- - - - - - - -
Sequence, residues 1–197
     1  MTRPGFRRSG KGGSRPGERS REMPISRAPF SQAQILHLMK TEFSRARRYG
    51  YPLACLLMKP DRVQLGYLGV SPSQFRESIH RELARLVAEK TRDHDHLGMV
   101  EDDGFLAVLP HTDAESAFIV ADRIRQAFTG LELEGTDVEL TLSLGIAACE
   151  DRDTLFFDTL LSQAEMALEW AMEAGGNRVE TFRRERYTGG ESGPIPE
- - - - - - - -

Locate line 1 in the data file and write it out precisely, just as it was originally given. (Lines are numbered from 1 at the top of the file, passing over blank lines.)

Sequence, residues 1–197